8 Git Best Practices
Sunday, February 28, 2021 • 4 minutes to read
The purpose of version control systems is to keep a history of a file’s changes or a very complex system consisting of thousands of files. That is it. Nothing more. When you are using it on your own, you could use it as you want, as long as it still serves its purpose and you could recall a specific version in history. However, when using distributed version control systems (DVCS), like Git, you should decide on some best practices, especially when using it as a team.
You could ask why to bother. Distributed VCS in contrary to local and centralized VCS, allow you to fetch the history of any remote repository and push it to any remote (bare) repository you want. While using DVCS, you have to remember that:
- you should not rewrite someone else history
- anyone could see and “use” your history
- you will be collaborating with others
This list by no means is the only and the right way of using Git. Please take it as a list of points you need to look at and take care of.
Decide which workflow you will use.
It does not matter whatever branching workflow you choose. It may be some long-running branches, topic branches, git-flow, gitworkflow, or something completely different. The most important is that you and your collaborators decide on one and stick to it. You should all know how the workflow works and what are its advantages and flaws.
Never commit directly to your main branch.
The previous point should already resolve this problem as I do not know any workflow which allows this, but I cannot stress this enough. It will always be a problem if you and your team commit to the master branch. Using branches is very cheap in distributed systems. Use branches and leave your main branch as a merge-only.
Do not change published history.
This is probably the worst thing you could do. Never, ever rebase or in any other way alter someone’s history or your published history. It breaks the only purpose of using version control systems. If the history is published and someone could use it, it must stay as it is.
Keep your working branches clean and readable.
This is somehow related to the previous point. Never publish your branch if it is not ready. Rebase your working branch often, use stashes, alter your branch history, or squash commits if necessary. Remember to do it before you publish your branch. It is no longer your branch after you do it, and you should not alter its history.
Commit only related changes.
Commit often and small. Commits should be atomic if possible. Your commits could, of course, have dozens of lines and change a lot of files, but all changes should be related. If you fix a bug, do not also commit some refactoring or coding style changes. Do not commit not finished changes. Use stashes and commit the least amount of lines that make sense together.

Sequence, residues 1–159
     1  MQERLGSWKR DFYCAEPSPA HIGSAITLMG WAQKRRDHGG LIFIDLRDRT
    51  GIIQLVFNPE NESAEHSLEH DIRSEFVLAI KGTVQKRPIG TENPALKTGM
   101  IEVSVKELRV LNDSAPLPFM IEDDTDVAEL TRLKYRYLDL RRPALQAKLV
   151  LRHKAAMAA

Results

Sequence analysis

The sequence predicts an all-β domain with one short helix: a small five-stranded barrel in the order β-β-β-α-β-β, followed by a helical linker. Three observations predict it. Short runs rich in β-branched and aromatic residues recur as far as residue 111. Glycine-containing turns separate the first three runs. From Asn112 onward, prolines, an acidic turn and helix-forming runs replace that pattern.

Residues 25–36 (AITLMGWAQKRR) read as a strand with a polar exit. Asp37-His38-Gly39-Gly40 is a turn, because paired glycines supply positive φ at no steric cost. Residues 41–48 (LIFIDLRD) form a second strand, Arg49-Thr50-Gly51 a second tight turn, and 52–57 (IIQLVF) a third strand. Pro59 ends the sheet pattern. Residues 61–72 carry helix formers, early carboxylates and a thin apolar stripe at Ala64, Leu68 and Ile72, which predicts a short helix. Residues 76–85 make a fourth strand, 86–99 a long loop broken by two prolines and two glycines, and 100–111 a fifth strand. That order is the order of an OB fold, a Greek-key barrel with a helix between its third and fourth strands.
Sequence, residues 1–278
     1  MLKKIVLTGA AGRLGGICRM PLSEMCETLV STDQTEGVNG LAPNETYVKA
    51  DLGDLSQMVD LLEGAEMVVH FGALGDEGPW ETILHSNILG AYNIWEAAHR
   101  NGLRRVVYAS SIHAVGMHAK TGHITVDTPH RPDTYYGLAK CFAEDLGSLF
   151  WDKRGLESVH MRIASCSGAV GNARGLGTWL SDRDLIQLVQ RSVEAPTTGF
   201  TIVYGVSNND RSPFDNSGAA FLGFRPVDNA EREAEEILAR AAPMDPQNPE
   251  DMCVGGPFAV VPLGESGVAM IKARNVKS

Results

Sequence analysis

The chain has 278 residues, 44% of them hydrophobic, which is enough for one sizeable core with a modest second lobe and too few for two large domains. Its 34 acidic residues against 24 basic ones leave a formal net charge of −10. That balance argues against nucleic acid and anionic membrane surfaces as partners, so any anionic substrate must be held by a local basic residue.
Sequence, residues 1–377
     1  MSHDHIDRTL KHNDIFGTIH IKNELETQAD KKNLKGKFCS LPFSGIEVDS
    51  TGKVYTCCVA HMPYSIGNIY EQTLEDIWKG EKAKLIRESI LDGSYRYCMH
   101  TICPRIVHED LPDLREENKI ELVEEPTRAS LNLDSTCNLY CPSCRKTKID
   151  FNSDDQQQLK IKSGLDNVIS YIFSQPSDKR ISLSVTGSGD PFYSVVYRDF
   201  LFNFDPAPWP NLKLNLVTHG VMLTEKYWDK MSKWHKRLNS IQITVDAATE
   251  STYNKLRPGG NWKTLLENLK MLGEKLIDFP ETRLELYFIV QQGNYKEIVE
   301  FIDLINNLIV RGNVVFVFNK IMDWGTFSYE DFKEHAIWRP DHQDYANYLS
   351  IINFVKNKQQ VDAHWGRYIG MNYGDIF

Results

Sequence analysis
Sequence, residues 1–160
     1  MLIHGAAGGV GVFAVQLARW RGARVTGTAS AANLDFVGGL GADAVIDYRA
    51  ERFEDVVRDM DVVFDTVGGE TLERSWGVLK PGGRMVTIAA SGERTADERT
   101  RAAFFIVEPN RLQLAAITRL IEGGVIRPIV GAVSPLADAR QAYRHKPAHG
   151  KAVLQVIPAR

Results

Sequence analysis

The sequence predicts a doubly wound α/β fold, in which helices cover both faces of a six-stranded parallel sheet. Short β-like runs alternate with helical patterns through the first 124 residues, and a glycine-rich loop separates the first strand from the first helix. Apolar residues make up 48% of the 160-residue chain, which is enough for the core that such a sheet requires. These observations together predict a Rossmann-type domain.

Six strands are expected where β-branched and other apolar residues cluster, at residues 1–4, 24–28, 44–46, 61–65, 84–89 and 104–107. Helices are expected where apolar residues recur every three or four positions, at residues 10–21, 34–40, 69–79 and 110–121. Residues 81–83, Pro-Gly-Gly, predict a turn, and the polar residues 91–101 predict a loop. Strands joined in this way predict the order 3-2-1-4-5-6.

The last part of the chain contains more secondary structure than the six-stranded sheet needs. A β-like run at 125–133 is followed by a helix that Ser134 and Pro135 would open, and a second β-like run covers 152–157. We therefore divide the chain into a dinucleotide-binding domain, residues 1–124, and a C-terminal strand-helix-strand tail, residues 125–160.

Write meaningful commit messages.
Start your commit message with a one-line (up to 50 characters) change’s description. In most cases, it would be enough but if necessary, add one empty line and then write more details. Make sure what you write makes sense and that your heading is clear enough if somebody is reviewing the history as one-liners. Also, write in the imperative tense. Do not write something like “Fixing bug”, “Updated”, or “Some more changes”. Use commit.style as a good starting point how your commit should look like.
Think about your messages as if somebody would read them in the following way: when applied, this commit will message. It should look like “when applied, this commit will fix the return value” or “when applied, this commit will add feature X”. It should not look like “when applied, this commit will changing the behavior of X” or “when applied, this commit will assorted grammar and typo fixes”. It makes a difference.
Do not commit any generated or configuration files.
Do not include in your repository and files which could be auto-generated or have any configuration values, especially API keys or passwords. Do not also commit vendor files. It includes but is not limited to node modules, NuGet packages, composer vendor files, or any other files you should manage using any of the dependency managers available for your technology stack. However, you should add and keep a history of
Test your code before you commit.
Run static code analysis tools if you use them. You could check the list of static code analysis tools for PHP, which I described a while ago. Run your automatic tests and test your changes manually. There is no reason to commit changes that you think works, and a couple of minutes later, revert the commit or make another one with another change.